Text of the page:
The United Nations at 50 – Dead or Alive?

Malcolm Harper

Originally published in 1996/1997, Issue 1

When we commemorated the United Nations’ 50th anniversary last year, we all asked the question – what has the UN achieved and is it a living or a largely moribund organisation, buried by the bureaucracy and corruption which the media appear so willing to attribute to it?

The achievements of the United Nations since 1945 are quite remarkable – both in their extent and in terms of public ignorance of so many of them. Perhaps the most often quoted is the role which UN Agencies played in organising and implementing the eradication of smallpox. Now the Americas have been declared polio-free and the whole world is scheduled to be rid of that pernicious disease by the end of the century.

The work of such agencies as the International Civil Aviation Organization (ICAO), the World Intellectual Property Organization (WIPO), the Universal Postal Union (UPU) and the International Maritime Organization (IMO) and all that they achieve are largely taken for granted and are rarely discussed in the public arena.

But, come some supposedly seductively attractive bestiality – whether in Angola, Cambodia, Afghanistan, Somalia, Sudan, Liberia, Bosnia-Herzegovina or some such trouble-spot – and the appetite of the media is, at least in the short-term, insatiable. And what better than to berate the United Nations, either for sending in troops “who do nothing” or for failing to send in troops?

My own experience in different theatres is that the Blue Helmets often quietly contribute rather more than an all too often ignorant press corps understands. I recall once arguing with Douglas Hurd, then a Minister of State in the Foreign and Commonwealth Office, that the UN Interim Force in Lebanon (UNIFIL) had been given so weak and inadequate a mandate by the Security Council that it might be best for it to be withdrawn. Clearly he did not fully share that attitude; so I went to see the Lebanese Ambassador in London in order to seek his views. “Never,” he said to me, “ask for their withdrawal. Without UNIFIL, the ordinary civilian population, anxious for the violence to end, will have no hope left that a better life is still possible. UNIFIL is their only symbol of hope.” A viewpoint understood by that excellent journalist, Robert Fisk, but by sadly few others.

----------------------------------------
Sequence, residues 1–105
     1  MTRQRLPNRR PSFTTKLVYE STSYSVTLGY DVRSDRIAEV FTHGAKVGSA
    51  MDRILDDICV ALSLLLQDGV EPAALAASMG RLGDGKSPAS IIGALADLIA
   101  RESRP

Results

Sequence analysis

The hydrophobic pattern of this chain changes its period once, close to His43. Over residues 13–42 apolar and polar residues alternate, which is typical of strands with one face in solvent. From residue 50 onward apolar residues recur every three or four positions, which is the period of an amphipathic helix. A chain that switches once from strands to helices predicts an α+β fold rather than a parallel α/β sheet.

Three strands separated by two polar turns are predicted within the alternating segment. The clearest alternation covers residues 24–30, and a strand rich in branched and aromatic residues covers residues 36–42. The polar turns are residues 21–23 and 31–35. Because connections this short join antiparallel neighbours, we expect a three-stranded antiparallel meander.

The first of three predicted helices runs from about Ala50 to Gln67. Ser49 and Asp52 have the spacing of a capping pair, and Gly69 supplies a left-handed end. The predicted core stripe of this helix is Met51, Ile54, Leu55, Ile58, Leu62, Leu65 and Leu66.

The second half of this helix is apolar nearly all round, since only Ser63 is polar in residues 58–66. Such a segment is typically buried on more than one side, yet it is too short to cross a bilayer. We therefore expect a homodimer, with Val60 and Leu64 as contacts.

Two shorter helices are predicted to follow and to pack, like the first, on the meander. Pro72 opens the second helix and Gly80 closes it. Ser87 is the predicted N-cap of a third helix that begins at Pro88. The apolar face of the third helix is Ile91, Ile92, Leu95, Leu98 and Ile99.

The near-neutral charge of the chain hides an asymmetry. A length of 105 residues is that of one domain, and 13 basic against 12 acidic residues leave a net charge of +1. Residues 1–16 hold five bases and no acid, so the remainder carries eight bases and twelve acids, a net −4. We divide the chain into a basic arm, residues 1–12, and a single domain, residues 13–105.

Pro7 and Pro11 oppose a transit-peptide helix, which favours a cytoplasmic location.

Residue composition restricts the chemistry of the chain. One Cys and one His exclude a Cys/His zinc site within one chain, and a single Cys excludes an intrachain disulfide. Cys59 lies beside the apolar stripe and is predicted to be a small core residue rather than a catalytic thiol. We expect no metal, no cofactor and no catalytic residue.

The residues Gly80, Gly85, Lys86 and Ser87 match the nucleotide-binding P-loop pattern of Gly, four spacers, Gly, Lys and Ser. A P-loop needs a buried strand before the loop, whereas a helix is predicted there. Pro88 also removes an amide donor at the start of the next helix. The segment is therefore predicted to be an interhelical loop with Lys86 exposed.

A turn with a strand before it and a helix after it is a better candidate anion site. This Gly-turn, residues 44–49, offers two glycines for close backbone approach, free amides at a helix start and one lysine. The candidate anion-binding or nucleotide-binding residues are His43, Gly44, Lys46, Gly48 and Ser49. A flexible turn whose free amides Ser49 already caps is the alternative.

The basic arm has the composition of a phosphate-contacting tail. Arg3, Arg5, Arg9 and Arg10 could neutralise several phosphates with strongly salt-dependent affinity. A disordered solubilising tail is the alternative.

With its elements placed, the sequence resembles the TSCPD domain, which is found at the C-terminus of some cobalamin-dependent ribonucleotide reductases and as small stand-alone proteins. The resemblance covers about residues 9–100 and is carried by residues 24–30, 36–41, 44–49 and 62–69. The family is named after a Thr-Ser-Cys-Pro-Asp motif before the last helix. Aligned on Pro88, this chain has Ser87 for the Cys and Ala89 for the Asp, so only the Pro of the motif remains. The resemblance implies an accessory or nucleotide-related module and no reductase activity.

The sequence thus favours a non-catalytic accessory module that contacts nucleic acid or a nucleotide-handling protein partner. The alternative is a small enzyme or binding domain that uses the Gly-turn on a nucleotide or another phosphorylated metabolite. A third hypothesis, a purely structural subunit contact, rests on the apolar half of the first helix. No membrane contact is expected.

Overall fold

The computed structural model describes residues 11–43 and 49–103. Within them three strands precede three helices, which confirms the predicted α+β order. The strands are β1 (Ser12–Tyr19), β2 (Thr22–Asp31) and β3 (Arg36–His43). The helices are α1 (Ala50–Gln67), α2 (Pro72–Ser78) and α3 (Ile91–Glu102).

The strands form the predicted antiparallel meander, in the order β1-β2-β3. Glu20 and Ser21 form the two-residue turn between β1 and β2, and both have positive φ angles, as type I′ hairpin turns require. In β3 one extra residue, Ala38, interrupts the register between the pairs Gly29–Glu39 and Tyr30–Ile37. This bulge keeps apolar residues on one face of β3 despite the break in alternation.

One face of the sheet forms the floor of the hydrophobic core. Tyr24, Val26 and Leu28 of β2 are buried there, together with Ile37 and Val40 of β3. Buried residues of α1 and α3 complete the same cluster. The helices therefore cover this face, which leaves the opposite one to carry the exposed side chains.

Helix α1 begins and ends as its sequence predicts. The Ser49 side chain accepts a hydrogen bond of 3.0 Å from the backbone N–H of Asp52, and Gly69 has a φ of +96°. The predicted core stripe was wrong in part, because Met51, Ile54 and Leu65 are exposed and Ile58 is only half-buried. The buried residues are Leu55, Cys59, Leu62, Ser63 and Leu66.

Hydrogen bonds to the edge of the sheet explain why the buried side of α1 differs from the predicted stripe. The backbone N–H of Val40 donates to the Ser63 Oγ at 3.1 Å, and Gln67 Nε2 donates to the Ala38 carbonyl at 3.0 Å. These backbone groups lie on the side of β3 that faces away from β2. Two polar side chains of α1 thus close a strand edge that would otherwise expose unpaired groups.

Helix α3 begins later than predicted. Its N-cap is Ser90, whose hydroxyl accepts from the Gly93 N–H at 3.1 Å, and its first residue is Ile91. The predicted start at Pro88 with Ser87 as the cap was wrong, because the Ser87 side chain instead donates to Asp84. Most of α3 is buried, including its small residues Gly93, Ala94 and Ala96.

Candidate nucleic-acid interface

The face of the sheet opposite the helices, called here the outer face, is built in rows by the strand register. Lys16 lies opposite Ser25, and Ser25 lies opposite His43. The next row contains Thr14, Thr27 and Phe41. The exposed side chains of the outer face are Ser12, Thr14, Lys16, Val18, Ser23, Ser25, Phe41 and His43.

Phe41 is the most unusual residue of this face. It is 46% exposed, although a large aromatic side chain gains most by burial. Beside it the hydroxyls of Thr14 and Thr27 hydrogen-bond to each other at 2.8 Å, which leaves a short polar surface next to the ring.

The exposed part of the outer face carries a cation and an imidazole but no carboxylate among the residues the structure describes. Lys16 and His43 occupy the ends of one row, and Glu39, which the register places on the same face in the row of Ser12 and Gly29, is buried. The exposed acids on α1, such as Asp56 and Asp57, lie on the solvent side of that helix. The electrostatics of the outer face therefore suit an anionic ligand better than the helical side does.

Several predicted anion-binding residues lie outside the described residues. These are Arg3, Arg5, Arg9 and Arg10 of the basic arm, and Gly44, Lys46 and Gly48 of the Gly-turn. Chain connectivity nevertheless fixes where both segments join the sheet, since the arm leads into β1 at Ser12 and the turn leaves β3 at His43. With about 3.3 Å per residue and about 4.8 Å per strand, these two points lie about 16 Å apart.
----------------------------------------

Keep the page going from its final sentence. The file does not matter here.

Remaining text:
And in Bosnia-Herzegovina the UN, we were always being told, was a miserable failure. As Dr. Boutros-Ghali has said so often, he asked for 35,000 troops but never received more than about one-third of that number. 1,200 UN troops at Srebzenica might have made a preventive impact which some 400 could not. In Rwanda, several African countries offered troops for an enlarged UN presence but were hideously let down by the US and its NATO allies who declined to provide the logistical back-up which they required.

Oh! and part of the UN’s “failure” in Bosnia-Herzegovina included over 10,000 humanitarian sorties into Sarajevo over a three-year period and, by the time of the Dayton Peace Agreement, the provision of basic daily supplies to some 2.5 million people.

I am not saying that the UN is an untarnished success story. However, I do believe that the UN has achieved far more than we seem willing to admit and that its frustrations and failures are more a result of membership indifference than of basic flaws in the concept or broad structures of the organisation. Of course, changes are needed. The structure of the Security Council requires a radical rethink; the capacity of the Economic and Social Council needs to be enhanced; the strengthening of the UN’s ability to secure the implementation of the human rights standards which it has helped to set is an urgent need; the fuller support of the membership for poverty- focussed development strategies and for environmental protection are major requirements if Mother Earth is not to be raped still further; the list goes on and on.

In summary, the UN’s achievements are many and varied; members’ attitudes towards its fuller use in keeping with their Charter obligations vary considerably at different points in time and over different issues; and the world without the UN would be considerably less safe and more miserable for countless people than it is with it.

We need the UN for our survival; so let’s stop belittling it and being indifferent to it and start campaigning for its role to be more properly recognised and supported. When that happens, there is little doubt that the world will – at last – really start to become a more just and happy place for us all and not just for the lucky few.

At the time of writing, Malcolm Harper was the Director of the United Nations Association of the United Kingdom. After graduating from Cambridge in 1960, where he had been an activist on many international issues, he worked for a year in South Africa as a lay personal assistant to the Anglican Archbishop of Cape Town before joining OXFAM, with whom he spent 18 years, including periods of service in Eastern and West Africa, Vietnam and Cambodia.